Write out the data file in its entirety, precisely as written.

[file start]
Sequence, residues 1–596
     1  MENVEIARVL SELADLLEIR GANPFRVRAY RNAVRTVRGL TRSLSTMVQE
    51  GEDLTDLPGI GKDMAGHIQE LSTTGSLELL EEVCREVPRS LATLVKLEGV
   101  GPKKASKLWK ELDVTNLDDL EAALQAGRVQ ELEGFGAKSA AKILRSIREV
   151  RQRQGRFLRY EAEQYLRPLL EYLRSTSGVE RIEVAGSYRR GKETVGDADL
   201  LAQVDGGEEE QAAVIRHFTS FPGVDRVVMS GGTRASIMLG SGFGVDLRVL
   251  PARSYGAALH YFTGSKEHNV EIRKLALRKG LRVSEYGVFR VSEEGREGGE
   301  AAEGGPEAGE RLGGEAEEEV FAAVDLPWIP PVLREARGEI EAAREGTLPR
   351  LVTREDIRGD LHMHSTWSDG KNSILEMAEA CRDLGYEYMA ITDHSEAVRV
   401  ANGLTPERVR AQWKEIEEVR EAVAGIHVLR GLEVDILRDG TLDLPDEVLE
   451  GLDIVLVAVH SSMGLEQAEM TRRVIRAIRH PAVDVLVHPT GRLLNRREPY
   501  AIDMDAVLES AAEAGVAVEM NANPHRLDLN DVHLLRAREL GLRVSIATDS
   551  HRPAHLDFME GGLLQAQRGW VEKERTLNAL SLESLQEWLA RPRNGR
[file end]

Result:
Sequence, residues 1–596
     1  MENVEIARVL SELADLLEIR GANPFRVRAY RNAVRTVRGL TRSLSTMVQE
    51  GEDLTDLPGI GKDMAGHIQE LSTTGSLELL EEVCREVPRS LATLVKLEGV
   101  GPKKASKLWK ELDVTNLDDL EAALQAGRVQ ELEGFGAKSA AKILRSIREV
   151  RQRQGRFLRY EAEQYLRPLL EYLRSTSGVE RIEVAGSYRR GKETVGDADL
   201  LAQVDGGEEE QAAVIRHFTS FPGVDRVVMS GGTRASIMLG SGFGVDLRVL
   251  PARSYGAALH YFTGSKEHNV EIRKLALRKG LRVSEYGVFR VSEEGREGGE
   301  AAEGGPEAGE RLGGEAEEEV FAAVDLPWIP PVLREARGEI EAAREGTLPR
   351  LVTREDIRGD LHMHSTWSDG KNSILEMAEA CRDLGYEYMA ITDHSEAVRV
   401  ANGLTPERVR AQWKEIEEVR EAVAGIHVLR GLEVDILRDG TLDLPDEVLE
   451  GLDIVLVAVH SSMGLEQAEM TRRVIRAIRH PAVDVLVHPT GRLLNRREPY
   501  AIDMDAVLES AAEAGVAVEM NANPHRLDLN DVHLLRAREL GLRVSIATDS
   551  HRPAHLDFME GGLLQAQRGW VEKERTLNAL SLESLQEWLA RPRNGR